Lewis realized that this was no sudden outpouring of the heart, composed off-the-cuff.  It's too complicated for that.  You don’t write this kind of poem in a hurry.  It’s a thing done like embroidery, stitch by stitch, through long quiet hours.  It’s labored over, as if the Psalmist finds delight in the leisurely, disciplined craftsmanship. He finds the pleasure of getting a thing just so. 

Maybe the poet felt about God’s Word much like he felt about his poetry.  Involved and exact; lovingly conformed to an intricate pattern.  Delightfully complex in it’s details, but wonderfully simple in it’s united whole.  Simple enough to teach children and complex enough that no one has ever plumbed its depths and reached the bottom.

The deeper we investigate the more we discover that God’s Word is a reliable guide to life.  It reveals truth.  Delight in the law is the delight of having touched firmness, of having grasped reality.  God’s Word faithfully directs us through the complexities of life.  In it you find stable, well-grounded directions for living. Psalm 19 points to these benefits, suggesting that the law of God revives our souls, makes us wise, gives us joy, helps us see, and results in great reward. And the more you meditate, the deeper you understand, the tighter you get your hands around it, the more delightful it becomes.

Scripture invites us to unwrap it like layers of an onion.  To find delight in seeing even familiar passages afresh as we take it one level deeper.  And to find that God's Word truly is sweeter than honey.

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Wednesday, February 22, 2012

Dissonant Death

The day after the Grammys I was listening to an NPR radio bit entitled "Why Some Songs Make You Cry".”  In the wake of Adele’s sweep at the Grammy’s, they were considering her song “Someone Like You,” and searching for an explanation for why this song is, as they put it, “an emotional powder keg?”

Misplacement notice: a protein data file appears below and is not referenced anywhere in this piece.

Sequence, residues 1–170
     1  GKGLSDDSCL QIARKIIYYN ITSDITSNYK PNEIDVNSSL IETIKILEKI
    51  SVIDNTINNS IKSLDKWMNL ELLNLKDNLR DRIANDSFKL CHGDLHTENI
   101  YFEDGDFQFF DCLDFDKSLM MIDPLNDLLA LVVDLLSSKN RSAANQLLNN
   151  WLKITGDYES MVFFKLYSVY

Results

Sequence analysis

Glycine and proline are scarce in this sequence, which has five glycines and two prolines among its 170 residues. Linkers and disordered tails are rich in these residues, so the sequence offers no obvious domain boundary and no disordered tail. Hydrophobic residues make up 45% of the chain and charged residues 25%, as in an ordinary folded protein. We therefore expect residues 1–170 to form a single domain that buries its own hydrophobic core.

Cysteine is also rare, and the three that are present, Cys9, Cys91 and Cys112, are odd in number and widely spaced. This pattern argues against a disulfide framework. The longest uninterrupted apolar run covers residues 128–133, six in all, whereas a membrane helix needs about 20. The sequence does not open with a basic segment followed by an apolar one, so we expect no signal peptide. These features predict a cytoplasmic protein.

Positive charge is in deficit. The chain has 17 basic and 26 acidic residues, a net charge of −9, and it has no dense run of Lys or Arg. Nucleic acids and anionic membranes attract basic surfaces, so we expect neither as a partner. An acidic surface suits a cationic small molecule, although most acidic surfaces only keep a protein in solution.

John Sloboda, a professor of music psychology at London's Guildhall School of Music and Drama, offered this explanation. “Our brains are wired to pick up the music that we expect. So when we're listening to music, our brain is constantly trying to guess what comes next. Generally music is consonant rather than dissonant, so we expect a nice chord. When that chord is not quite what we expect, it gives you a little bit of an emotional frisson, because it's strange and unexpected. When Adele bounces around the note on "you," there's a tension that is then released.”

The key, according to Sloboda, is a delicate balance between dissonance and consonance.  There needs to be enough dissonance to create real tension and enough consonance to bring resolution.  Too much dissonance and the song is irritating.  Too much consonance and the song is predictable.

Years ago, while on a youth retreat, Dave Corsello was our cabin’s chaperone.  Dave is a gifted classical guitarist.  As we got ready for bed one night, Dave was messing around with his guitar and played the lullaby “Rock-A-Bye Baby.”  All except the last note.  “And down will come baby, cradle and…”  He packed up his guitar, turned off the lights, and settled into his sleeping bag.  Our cabin, dark and still, hung with the tension.  We lasted three minutes – maybe.  Finally, we heard rustling from Dave’s bunk, the clips of his guitar case, and the muffled thumps of his guitar, pulled from the case and settled onto his thigh.  “I just can’t do it, guys,” he sighed, and played the final note - the note that resolved all that tension that was bouncing around in our brains.  I don’t think any of us could have slept without it.